Many Extension agents are working to encourage behavior change in the community. In the case of Horticulture and Florida-Friendly Landscaping™ educators, these behaviors may include 1) Reducing excess landscape irrigation; 2) Leaving grass clippings on the lawn instead of blowing them onto streets and into storm drains; and 3) Selecting the right plant for the right place. When Extension agents encourage behavioral changes in their community through educational programming, they are using some elements of social marketing, although it is not often called that. Social marketing recognizes that providing education alone does not necessarily result in a change in behavior; this approach applies elements of traditional marketing to behavior changes that benefit the community's health and wellness, the environment, or financial well-being. Social marketing has been used successfully in seatbelt safety, recycling, and hand washing campaigns, to name a few.
The social marketing process (Figure 1) involves first selecting what behavior change is desired and analyzing how the audience feels about that behavior. Extension educators can use an understanding of their clients' reservations and inclinations toward a behavior (barriers and benefits) to develop strategies to encourage behavior change. The strategies may be piloted on a small scale, modified if necessary, and then implemented on a large scale and further evaluated. There are several commonly used strategies used by social marketers to encourage new behaviors or behavior change: prompts and reminders, incentives, and changing social norms. The purpose of this article is to describe one strategy used in social marketing, commitment, and make recommendations for its use in Extension programming.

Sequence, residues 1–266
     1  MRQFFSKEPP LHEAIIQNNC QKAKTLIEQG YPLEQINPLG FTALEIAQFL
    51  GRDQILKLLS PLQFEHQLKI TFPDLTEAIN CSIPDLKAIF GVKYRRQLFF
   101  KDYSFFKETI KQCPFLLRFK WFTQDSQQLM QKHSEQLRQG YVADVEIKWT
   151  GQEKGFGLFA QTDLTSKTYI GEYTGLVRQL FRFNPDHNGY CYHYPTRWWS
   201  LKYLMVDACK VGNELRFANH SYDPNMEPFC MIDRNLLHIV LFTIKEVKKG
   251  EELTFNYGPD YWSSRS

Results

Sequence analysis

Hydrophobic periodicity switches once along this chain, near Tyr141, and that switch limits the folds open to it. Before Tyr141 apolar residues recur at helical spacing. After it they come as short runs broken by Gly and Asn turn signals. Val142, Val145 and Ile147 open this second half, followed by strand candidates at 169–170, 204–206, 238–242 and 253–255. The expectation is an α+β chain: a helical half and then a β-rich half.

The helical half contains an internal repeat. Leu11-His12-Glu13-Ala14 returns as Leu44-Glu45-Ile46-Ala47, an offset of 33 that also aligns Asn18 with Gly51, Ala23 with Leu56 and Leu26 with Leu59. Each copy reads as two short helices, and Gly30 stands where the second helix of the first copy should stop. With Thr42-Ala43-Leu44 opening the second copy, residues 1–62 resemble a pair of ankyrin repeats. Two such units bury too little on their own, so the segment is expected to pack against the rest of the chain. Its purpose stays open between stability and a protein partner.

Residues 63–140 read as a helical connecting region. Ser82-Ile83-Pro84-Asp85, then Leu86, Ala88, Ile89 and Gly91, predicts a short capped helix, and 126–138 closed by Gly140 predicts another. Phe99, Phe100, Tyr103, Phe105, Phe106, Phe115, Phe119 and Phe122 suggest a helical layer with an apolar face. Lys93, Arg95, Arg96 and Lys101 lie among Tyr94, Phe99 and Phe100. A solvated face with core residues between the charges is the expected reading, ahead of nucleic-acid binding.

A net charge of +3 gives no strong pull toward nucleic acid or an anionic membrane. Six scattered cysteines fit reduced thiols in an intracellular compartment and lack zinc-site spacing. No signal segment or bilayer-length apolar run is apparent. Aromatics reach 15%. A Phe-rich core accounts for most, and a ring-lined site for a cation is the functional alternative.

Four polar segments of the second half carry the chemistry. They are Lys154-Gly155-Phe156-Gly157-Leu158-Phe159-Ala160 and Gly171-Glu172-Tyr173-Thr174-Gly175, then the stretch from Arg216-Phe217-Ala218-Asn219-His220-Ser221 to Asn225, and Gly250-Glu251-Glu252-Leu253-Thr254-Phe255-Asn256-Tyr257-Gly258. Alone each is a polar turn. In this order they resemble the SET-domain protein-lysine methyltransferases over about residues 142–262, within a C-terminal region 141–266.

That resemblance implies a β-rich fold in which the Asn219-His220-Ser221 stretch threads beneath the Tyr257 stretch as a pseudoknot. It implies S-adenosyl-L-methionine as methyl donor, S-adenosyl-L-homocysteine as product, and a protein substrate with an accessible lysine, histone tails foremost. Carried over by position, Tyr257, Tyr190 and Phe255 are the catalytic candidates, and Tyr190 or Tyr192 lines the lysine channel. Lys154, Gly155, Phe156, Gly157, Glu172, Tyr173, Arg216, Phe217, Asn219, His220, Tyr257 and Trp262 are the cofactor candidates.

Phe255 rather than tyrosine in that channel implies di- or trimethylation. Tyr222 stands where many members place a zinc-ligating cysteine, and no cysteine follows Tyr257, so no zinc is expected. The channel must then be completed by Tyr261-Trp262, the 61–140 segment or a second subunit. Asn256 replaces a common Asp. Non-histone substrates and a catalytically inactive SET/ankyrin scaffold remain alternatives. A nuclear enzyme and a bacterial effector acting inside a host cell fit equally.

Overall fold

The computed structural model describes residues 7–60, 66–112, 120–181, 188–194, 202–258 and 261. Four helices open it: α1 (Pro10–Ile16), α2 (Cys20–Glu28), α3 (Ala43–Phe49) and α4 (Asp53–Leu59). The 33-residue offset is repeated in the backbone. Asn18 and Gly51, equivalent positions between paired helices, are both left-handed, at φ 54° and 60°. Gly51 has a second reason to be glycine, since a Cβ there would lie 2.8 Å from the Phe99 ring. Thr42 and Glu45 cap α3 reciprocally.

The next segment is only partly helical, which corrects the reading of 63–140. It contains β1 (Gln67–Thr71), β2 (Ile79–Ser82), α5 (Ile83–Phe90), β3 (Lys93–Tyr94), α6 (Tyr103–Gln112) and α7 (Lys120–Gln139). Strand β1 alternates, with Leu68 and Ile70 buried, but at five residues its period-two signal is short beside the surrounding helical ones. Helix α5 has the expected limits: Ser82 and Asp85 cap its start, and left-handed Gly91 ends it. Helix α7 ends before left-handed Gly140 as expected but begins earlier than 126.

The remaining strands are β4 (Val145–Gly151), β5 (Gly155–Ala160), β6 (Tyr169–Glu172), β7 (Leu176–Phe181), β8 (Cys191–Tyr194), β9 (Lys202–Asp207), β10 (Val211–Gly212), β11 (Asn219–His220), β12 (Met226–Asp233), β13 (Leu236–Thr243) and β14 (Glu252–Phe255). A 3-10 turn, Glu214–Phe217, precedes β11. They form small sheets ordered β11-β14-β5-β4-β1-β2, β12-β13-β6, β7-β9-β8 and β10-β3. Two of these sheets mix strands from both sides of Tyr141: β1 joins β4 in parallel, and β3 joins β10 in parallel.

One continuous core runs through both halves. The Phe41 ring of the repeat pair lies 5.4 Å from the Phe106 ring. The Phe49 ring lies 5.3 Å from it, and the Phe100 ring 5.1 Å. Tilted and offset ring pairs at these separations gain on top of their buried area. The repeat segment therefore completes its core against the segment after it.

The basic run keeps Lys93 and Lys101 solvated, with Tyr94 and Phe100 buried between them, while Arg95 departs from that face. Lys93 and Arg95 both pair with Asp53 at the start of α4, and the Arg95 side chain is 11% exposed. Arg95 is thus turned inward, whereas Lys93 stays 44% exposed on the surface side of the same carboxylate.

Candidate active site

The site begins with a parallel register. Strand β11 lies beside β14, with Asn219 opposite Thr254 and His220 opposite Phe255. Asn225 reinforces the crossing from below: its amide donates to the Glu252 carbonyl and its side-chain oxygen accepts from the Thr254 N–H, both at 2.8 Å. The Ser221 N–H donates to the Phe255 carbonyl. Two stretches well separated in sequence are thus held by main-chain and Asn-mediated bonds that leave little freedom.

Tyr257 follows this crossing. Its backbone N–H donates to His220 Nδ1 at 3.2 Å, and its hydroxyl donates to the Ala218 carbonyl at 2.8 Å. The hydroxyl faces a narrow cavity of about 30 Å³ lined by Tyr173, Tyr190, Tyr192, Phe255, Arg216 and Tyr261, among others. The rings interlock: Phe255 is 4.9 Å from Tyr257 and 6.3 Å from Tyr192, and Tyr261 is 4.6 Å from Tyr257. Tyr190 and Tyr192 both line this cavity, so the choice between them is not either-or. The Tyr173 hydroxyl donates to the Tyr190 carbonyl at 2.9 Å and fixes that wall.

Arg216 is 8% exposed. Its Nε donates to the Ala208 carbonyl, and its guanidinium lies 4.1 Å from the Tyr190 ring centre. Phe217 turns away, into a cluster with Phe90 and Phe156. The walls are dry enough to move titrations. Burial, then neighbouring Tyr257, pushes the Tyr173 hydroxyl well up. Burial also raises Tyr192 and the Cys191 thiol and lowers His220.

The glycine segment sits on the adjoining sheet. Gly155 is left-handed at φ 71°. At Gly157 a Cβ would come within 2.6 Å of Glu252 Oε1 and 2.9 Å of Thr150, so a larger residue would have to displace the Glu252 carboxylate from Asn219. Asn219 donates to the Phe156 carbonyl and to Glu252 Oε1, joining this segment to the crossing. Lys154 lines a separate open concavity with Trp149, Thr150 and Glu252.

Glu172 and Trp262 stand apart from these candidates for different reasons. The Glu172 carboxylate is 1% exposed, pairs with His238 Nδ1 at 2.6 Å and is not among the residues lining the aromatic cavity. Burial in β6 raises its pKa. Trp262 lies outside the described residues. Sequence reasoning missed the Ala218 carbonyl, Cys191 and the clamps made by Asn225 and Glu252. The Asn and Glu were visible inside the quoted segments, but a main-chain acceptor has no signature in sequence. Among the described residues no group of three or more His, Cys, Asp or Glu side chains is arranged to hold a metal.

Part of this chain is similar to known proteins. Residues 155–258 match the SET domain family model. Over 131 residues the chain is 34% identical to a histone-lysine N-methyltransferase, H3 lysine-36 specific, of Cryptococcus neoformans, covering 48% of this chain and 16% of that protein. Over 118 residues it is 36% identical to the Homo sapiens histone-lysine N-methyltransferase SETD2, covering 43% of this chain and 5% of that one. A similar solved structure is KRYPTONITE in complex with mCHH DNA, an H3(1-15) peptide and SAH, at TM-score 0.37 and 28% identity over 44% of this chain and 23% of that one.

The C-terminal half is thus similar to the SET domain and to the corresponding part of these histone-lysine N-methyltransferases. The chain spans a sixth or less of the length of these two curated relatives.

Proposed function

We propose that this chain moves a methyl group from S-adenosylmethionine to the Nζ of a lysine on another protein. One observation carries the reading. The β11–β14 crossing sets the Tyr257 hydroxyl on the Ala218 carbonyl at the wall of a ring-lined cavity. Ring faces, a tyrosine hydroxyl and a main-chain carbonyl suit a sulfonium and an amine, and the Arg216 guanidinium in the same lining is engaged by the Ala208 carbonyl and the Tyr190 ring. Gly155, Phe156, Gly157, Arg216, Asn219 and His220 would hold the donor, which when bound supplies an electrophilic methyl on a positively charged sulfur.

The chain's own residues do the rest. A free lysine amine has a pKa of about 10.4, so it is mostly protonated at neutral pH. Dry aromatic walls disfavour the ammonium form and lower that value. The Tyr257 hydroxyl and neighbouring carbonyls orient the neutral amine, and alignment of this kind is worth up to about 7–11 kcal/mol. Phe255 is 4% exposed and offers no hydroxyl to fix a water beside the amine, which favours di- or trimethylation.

Commitment as a Strategy to Encourage Behavior Change
A commitment is a positive intention to take some action, such as a pledge or a promise, usually made publicly. Examples of commitments include signatures on a pledge card, buttons and bumper stickers that indicate behavior change, or yard signs that tell the neighbors what a homeowner has done. For example, fans of the musician Jack Johnson make public pledges to reduce the use of single use plastic by posting their promise along with their photo on his social change webpage, All At Once (http://allatonce.org). Research has shown that commitments can increase the percentage of people who will adopt a new behavior and give up an old one (Kotler & Lee, 2008).
Further, if a small commitment is requested, participants will be more likely to adopt something bigger. Let's say some Extension agents are teaching about irrigation technologies and water conservation during a rain barrel workshop. If they ask their clients to commit to doing something small, (Will you check your irrigation system this weekend to make sure there are no leaks?) they are more likely to subsequently agree to something bigger. (Will you sign a pledge to install a rain shutoff device in the next 30 days?) Commitments may be verbal or written, and they may be made by individuals or groups. Written commitments are typically more effective than verbal ones, and group commitments are more effective than individual ones (McKenzie-Mohr, 2011; Rogers, 2003). Publicizing the group's commitment, such as through Internet or print media, increases effectiveness even more (Lehman & Geller, 2004; McKenzie-Mohr, 2011).